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Erica Sullivan, an early childhood clinician with the Tennyson Center for Children, prepares supplies in her office before a parenting skills session with the mother of a three-year-old boy. (Eric Lubbers, The Colorado Sun)

As Colorado’s early childhood leaders discuss how to spend a new $41 million pot of federal coronavirus relief money, there are lots of unsettled questions about who needs the money most. 

Some advocates like the idea of a simple grant program that will fast-track funds to child care providers who need urgent help with rent or other expenses. Some say they want extra consideration for providers in child care deserts — communities where there’s already a critical shortage of licensed child care slots. Others say the state must ensure that private providers serving middle-class families get some of the funds. 

One thing everyone agrees on is that $41 million, no matter how it’s divvied up, won’t get the job done. More public money — probably from the federal government given the state’s grim budget forecast — will be needed to resuscitate an industry that was already struggling to stay afloat even before the pandemic hit.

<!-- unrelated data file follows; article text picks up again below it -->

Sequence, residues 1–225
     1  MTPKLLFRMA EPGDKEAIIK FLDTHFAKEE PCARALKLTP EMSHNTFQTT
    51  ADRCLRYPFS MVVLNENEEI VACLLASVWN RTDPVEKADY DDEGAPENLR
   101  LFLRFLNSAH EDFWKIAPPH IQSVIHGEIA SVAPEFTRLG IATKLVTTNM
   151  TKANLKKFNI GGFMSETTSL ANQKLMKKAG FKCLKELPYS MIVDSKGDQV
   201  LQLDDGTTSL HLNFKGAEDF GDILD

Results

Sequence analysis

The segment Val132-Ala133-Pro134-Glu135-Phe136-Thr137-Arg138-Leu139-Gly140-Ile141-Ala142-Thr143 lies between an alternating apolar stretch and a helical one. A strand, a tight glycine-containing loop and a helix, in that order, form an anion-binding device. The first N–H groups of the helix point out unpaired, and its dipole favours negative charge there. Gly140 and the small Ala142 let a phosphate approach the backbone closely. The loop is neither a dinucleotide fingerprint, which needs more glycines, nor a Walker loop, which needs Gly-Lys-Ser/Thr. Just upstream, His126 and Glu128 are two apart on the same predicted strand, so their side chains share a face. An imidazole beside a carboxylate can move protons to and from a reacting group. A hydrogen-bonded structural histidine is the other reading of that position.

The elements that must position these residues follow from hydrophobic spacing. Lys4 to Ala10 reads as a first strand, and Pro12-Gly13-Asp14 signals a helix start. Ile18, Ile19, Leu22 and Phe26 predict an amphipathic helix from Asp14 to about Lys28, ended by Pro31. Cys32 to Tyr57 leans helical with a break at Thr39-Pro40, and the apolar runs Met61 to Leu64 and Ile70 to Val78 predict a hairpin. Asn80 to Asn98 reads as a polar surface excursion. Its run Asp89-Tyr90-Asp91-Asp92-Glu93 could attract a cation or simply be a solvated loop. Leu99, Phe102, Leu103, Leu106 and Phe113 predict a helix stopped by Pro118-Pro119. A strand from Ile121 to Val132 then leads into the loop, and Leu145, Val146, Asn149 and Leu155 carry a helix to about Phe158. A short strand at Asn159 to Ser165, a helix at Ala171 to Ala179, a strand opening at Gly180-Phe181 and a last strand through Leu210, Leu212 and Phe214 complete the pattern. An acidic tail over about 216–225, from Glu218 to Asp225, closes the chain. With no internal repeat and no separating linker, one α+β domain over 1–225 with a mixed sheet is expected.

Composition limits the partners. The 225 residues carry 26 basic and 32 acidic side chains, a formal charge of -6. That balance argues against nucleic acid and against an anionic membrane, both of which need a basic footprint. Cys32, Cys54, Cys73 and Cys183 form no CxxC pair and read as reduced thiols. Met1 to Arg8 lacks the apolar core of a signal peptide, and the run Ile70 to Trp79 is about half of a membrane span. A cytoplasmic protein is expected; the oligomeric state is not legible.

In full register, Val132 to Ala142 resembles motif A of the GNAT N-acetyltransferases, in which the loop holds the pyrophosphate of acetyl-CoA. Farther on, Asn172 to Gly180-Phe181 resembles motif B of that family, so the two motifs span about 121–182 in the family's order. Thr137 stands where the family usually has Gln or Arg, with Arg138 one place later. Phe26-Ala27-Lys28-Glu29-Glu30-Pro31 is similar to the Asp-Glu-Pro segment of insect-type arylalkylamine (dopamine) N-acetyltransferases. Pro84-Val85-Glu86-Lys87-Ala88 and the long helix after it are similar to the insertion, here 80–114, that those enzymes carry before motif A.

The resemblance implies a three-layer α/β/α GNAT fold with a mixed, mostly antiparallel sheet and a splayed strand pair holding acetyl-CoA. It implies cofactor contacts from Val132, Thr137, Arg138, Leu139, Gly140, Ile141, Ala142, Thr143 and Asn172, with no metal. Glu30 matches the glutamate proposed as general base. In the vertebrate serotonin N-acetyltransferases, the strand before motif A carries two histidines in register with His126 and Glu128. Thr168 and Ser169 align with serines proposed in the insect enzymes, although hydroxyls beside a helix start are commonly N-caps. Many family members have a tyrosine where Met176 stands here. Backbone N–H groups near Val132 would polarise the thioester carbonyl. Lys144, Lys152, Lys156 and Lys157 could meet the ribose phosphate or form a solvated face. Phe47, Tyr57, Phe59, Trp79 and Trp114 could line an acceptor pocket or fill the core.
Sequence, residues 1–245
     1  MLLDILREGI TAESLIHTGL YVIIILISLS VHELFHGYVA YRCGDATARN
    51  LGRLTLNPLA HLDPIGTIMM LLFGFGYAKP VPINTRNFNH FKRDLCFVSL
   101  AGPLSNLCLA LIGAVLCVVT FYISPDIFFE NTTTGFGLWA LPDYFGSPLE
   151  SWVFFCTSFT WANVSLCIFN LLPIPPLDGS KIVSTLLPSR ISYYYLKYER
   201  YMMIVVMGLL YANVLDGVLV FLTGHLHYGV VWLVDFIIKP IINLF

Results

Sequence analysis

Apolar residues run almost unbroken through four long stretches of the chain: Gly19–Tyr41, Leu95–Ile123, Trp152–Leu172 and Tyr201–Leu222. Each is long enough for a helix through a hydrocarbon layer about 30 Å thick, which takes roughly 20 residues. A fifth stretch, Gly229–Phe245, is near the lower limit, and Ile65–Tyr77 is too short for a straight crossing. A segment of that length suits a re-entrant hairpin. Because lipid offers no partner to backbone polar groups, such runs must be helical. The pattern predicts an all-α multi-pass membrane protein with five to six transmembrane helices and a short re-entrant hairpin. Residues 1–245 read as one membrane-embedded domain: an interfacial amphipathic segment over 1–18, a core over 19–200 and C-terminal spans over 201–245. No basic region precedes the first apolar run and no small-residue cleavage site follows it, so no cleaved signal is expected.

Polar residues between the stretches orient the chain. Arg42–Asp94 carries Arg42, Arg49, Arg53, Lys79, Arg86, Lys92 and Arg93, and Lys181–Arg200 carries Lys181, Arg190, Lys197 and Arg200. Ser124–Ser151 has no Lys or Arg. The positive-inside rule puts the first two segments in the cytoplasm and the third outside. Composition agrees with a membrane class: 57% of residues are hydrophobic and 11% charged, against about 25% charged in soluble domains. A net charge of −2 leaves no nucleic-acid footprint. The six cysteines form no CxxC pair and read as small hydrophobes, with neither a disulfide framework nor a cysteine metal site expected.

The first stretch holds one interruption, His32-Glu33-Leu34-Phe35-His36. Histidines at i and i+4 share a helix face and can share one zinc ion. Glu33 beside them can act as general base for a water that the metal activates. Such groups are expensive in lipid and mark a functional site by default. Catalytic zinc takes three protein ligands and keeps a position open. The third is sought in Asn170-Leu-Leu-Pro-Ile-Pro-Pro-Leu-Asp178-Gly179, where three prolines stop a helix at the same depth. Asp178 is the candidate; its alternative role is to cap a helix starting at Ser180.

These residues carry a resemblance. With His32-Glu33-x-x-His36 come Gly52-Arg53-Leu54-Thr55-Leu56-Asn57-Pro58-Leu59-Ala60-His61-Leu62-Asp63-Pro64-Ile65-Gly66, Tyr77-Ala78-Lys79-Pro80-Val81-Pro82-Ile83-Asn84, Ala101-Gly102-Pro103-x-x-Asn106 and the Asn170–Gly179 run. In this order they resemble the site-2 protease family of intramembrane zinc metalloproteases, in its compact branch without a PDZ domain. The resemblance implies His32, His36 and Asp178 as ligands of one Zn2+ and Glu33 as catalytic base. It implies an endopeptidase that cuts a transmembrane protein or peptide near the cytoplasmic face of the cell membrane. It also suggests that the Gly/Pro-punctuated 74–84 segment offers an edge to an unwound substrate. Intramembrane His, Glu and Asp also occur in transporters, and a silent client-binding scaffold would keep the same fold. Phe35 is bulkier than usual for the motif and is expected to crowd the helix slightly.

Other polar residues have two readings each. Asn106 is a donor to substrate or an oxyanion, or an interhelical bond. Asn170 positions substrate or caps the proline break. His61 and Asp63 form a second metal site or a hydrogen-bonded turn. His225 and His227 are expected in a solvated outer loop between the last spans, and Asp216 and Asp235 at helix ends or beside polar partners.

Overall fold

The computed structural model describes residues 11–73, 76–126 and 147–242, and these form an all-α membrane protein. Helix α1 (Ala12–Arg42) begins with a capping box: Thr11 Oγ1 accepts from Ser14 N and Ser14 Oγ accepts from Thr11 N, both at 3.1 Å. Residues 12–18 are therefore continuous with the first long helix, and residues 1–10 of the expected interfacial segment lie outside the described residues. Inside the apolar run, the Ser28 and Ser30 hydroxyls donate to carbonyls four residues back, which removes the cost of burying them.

“I would agree that $41 million will not go very far if we don’t maximize all the other sources and supports for small businesses,” said Erin Mewhinney, director of the state’s Division of Early Care and Learning at the Colorado Department of Human Services. 

Many child care providers are eligible for forgivable loans and other streams of federal, state and private money for coronavirus relief, but navigating the myriad requirements can be tricky. 

The $41 million coming to Colorado’s early childhood sector is part of a $3.5 billion stream earmarked for early childhood in the CARES Act passed by Congress in late March. The amount coming to states varies, with Wyoming slated to get an estimated $4 million and California around $339 million.